Chapter 14. Serial Communications

This section answers common questions about serial communications with FreeBSD. PPP is covered in the Networking section.

14.1. Which multi-port serial cards are supported by FreeBSD?
14.2. How do I get the boot: prompt to show on the serial console?
14.3. How do I tell if FreeBSD found my serial ports or modem cards?
14.4. How do I access the serial ports on FreeBSD?
14.5. How do I enable support for a multiport serial card?
14.6. Can I set the default serial parameters for a port?
14.7. How can I enable dialup logins on my modem?
14.8. How can I connect a dumb terminal to my FreeBSD box?
14.9. Why can I not run tip or cu?

14.1.

Which multi-port serial cards are supported by FreeBSD?

There is a list of these in the Serial Communications chapter of the handbook.

Most multi-port PCI cards that are based on 16550 or clones are supported with no extra effort.

Some unnamed clone cards have also been known to work, especially those that claim to be AST compatible.

Check uart(4) and sio(4) to get more information on configuring such cards.

14.2.

How do I get the boot: prompt to show on the serial console?

See this section of the handbook.

14.3.

How do I tell if FreeBSD found my serial ports or modem cards?

As the FreeBSD kernel boots, it will probe for the serial ports in your system for which the kernel was configured. You can either watch your system closely for the messages it prints or run this command after your system is up and running:

% dmesg | grep -E "^sio[0-9]"

Here is some example output from the above command:

sio0: <16550A-compatible COM port> port 0x3f8-0x3ff irq 4 flags 0x10 on acpi0
sio0: type 16550A
sio1: <16550A-compatible COM port> port 0x2f8-0x2ff irq 3 on acpi0
sio1: type 16550A

This shows two serial ports. The first is on IRQ 4, is using port address 0x3f8, and has a 16550A-type UART chip. The second uses the same kind of chip but is on IRQ 3 and is at port address 0x2f8. Internal modem cards are treated just like serial ports — except that they always have a modem attached to the port.

The GENERIC kernel includes support for two serial ports using the same IRQ and port address settings in the above example. If these settings are not right for your system, or if you have added modem cards or have more serial ports than your kernel is configured for, just reconfigure your kernel. See section about building a kernel for more details.

14.4.

How do I access the serial ports on FreeBSD?

The third serial port, sio2 (see sio(4), known as COM3 in DOS), is on /dev/cuad2 for dial-out devices, and on /dev/ttyd2 for dial-in devices. What is the difference between these two classes of devices?

You use ttydX for dial-ins. When opening /dev/ttydX in blocking mode, a process will wait for the corresponding cuadX device to become inactive, and then wait for the carrier detect line to go active. When you open the cuadX device, it makes sure the serial port is not already in use by the ttydX device. If the port is available, it steals it from the ttydX device. Also, the cuadX device does not care about carrier detect. With this scheme and an auto-answer modem, you can have remote users log in and you can still dial out with the same modem and the system will take care of all the conflicts.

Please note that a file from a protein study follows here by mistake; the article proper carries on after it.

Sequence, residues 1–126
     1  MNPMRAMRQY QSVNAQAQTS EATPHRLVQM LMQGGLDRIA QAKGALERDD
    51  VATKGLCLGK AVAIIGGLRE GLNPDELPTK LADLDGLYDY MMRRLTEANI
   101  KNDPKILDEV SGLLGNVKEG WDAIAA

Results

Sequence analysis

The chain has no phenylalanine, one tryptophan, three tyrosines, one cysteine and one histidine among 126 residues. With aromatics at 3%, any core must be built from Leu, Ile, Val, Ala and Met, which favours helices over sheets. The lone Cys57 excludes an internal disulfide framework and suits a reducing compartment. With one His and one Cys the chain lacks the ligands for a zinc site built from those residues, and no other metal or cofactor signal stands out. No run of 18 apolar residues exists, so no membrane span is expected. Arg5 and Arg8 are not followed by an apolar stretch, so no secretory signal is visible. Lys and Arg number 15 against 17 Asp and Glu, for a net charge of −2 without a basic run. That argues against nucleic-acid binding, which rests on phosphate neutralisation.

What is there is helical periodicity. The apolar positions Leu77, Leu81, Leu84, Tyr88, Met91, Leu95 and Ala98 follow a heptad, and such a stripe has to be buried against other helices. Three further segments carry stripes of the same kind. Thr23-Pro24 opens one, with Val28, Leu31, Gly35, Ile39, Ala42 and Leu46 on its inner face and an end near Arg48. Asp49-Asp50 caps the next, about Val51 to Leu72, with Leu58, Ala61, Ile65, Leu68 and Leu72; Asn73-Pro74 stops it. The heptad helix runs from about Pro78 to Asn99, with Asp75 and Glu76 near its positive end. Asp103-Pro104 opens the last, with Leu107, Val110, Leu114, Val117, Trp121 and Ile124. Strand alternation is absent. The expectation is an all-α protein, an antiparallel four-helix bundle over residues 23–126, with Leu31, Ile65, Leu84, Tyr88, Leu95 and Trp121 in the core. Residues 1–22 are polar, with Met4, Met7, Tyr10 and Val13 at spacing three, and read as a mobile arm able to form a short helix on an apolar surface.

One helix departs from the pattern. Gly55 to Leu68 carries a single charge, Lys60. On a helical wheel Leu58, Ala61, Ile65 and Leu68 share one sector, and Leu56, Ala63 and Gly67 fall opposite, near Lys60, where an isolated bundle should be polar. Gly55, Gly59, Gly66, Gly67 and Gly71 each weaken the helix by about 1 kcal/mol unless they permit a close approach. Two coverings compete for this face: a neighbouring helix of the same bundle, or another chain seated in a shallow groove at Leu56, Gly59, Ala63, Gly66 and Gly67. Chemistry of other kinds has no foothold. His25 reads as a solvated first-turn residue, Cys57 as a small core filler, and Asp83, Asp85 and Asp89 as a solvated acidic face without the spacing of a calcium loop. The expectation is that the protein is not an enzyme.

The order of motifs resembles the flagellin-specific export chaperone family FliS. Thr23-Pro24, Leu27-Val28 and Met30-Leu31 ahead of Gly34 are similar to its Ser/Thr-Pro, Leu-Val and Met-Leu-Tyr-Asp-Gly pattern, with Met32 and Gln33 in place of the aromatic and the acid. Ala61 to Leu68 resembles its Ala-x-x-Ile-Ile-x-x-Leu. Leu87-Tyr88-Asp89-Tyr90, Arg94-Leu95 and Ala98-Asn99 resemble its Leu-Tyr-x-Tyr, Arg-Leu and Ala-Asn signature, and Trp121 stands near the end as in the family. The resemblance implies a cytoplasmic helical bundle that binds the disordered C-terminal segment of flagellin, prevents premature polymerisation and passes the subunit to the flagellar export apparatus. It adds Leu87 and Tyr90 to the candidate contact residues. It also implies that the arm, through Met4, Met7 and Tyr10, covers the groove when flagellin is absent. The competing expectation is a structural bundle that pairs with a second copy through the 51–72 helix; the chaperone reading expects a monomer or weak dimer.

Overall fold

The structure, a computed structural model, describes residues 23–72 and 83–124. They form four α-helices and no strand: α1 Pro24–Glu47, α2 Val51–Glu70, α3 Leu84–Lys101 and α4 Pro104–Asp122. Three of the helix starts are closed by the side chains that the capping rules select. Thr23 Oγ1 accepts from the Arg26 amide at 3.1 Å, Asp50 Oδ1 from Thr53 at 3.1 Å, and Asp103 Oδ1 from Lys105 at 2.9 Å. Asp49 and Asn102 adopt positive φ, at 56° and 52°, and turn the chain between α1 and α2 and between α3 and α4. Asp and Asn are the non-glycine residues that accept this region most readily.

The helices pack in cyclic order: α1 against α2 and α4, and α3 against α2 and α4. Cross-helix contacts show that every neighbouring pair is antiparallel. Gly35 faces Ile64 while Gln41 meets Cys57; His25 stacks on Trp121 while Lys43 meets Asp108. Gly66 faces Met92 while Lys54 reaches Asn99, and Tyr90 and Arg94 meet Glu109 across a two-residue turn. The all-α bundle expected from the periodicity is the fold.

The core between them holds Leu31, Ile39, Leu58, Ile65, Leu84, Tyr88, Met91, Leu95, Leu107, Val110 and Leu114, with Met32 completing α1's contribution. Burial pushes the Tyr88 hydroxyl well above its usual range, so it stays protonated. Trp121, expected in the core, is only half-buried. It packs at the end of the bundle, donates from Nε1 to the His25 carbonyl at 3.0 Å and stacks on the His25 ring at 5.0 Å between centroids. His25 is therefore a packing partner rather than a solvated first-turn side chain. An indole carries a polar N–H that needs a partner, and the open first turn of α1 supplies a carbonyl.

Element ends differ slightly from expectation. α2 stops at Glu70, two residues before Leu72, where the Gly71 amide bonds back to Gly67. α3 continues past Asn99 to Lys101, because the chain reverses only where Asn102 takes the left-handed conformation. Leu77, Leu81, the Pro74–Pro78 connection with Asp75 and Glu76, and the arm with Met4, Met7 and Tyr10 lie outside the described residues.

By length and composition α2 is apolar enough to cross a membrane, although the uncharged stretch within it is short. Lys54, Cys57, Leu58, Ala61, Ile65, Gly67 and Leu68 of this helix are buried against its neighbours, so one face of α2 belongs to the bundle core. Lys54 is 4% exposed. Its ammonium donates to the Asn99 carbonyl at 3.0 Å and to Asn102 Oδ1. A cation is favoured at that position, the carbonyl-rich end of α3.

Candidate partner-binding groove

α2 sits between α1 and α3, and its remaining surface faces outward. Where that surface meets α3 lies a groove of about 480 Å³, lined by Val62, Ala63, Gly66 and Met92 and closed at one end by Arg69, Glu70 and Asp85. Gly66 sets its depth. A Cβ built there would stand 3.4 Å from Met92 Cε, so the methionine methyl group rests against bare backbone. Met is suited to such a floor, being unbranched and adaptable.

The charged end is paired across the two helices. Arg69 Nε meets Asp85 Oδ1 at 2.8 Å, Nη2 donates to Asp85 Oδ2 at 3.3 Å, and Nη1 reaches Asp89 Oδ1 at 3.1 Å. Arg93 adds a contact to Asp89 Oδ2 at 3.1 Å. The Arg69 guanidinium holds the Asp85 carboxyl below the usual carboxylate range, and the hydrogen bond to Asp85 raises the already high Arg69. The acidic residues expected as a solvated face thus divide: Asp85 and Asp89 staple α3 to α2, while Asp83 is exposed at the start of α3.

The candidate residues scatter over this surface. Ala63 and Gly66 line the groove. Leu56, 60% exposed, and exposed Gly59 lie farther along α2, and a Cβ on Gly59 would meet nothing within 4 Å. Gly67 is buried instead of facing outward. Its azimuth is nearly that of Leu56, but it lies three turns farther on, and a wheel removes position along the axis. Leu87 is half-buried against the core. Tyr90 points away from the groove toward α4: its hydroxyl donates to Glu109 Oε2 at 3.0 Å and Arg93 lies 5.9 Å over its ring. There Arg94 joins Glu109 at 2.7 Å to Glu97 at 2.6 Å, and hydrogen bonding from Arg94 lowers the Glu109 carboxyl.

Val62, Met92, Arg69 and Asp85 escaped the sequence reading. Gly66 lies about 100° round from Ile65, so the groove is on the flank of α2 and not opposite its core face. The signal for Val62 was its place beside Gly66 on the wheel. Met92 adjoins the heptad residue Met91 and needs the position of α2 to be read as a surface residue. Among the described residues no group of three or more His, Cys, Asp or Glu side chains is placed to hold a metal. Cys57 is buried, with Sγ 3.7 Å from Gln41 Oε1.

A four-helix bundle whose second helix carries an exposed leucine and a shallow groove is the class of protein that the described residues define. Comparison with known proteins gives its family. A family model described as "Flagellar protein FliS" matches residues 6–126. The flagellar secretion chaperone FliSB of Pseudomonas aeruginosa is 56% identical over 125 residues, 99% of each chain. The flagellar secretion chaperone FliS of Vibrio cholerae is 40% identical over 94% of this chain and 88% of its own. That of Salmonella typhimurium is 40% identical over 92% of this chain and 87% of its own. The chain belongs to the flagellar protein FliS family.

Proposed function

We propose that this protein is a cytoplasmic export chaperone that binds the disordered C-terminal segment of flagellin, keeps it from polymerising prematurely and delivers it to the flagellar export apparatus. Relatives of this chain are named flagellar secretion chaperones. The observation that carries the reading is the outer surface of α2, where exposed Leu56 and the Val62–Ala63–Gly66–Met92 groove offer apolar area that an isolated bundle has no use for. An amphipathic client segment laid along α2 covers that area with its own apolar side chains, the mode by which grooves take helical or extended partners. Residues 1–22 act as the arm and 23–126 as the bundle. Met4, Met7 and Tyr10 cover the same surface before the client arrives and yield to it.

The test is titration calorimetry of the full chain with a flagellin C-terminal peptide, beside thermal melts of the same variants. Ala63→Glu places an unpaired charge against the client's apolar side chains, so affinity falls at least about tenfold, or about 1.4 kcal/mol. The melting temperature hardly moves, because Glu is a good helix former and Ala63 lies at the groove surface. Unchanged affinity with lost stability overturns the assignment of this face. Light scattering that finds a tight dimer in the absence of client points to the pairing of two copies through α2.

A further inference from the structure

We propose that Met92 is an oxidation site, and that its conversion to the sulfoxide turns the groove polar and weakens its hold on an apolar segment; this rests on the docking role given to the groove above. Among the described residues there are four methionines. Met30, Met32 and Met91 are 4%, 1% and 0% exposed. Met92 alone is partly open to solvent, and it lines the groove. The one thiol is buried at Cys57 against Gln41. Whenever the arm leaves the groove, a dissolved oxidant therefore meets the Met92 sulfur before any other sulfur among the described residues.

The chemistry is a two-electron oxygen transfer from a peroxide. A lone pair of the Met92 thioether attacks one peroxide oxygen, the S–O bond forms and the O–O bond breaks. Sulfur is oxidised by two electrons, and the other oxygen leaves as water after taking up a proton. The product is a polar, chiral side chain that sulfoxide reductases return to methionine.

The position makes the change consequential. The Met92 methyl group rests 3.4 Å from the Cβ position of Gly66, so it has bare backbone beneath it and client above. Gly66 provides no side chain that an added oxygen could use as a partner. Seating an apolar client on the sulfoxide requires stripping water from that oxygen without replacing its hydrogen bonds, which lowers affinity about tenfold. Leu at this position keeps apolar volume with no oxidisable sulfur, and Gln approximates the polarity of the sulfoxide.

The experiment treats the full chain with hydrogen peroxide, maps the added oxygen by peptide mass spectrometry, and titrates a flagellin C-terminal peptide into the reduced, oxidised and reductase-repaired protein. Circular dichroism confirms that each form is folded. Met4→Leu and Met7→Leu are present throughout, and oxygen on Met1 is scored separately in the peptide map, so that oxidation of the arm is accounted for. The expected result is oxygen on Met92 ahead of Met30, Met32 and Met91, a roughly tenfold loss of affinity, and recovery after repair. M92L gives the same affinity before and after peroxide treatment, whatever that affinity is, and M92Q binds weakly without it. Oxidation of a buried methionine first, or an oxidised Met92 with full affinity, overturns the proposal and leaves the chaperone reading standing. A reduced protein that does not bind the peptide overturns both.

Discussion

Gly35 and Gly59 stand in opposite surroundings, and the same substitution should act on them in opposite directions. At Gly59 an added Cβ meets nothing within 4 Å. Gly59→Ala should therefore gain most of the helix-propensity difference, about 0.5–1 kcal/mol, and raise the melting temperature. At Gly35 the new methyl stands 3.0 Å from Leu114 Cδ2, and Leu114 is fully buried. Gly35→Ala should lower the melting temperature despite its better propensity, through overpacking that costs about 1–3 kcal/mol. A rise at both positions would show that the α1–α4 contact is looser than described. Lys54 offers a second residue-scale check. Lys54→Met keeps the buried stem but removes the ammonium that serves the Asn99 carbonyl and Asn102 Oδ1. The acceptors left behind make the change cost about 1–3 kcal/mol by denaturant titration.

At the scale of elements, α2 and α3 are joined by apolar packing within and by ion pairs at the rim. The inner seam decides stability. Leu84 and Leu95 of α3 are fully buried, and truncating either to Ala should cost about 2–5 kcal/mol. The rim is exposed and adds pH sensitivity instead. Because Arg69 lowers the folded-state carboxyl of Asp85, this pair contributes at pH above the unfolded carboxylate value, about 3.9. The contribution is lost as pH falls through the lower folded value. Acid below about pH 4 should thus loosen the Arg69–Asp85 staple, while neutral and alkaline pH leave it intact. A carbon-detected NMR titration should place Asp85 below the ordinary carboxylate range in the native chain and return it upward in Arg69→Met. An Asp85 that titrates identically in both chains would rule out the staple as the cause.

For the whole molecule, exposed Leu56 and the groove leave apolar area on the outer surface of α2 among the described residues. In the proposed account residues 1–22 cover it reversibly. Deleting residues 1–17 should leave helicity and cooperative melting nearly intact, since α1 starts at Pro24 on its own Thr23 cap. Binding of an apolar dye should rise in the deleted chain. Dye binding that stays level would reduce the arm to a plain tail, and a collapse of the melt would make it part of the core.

14.5.

How do I enable support for a multiport serial card?

Again, the section on kernel configuration provides information about configuring your kernel. For a multiport serial card, place an sio(4) line for each serial port on the card in the device.hints(5) file. But place the IRQ specifiers on only one of the entries. All of the ports on the card should share one IRQ. For consistency, use the last serial port to specify the IRQ. Also, specify the following option in the kernel configuration file:

options COM_MULTIPORT

The following /boot/device.hints example is for an AST 4-port serial card on IRQ 12:

hint.sio.4.at="isa"
hint.sio.4.port="0x2a0"
hint.sio.4.flags="0x701"
hint.sio.5.at="isa"
hint.sio.5.port="0x2a8"
hint.sio.5.flags="0x701"
hint.sio.6.at="isa"
hint.sio.6.port="0x2b0"
hint.sio.6.flags="0x701"
hint.sio.7.at="isa"
hint.sio.7.port="0x2b8"
hint.sio.7.flags="0x701"
hint.sio.7.irq="12"

The flags indicate that the master port has minor number 7 (0x700), and all the ports share an IRQ (0x001).

14.6.

Can I set the default serial parameters for a port?

See the Serial Communications section in the FreeBSD Handbook.

14.7.

How can I enable dialup logins on my modem?

Please read the section about Dial-in Services in the FreeBSD Handbook.

14.8.

How can I connect a dumb terminal to my FreeBSD box?

You can find this information in the Terminals section of the FreeBSD Handbook.

14.9.

Why can I not run tip or cu?

On your system, the programs tip(1) and cu(1) can only access the /var/spool/lock directory via user uucp and group dialer. You can use the group dialer to control who has access to your modem or remote systems. Just add yourself to group dialer.

Alternatively, you can let everyone on your system run tip(1) and cu(1) by typing:

# chmod 4511 /usr/bin/cu
# chmod 4511 /usr/bin/tip

All FreeBSD documents are available for download at http://ftp.FreeBSD.org/pub/FreeBSD/doc/

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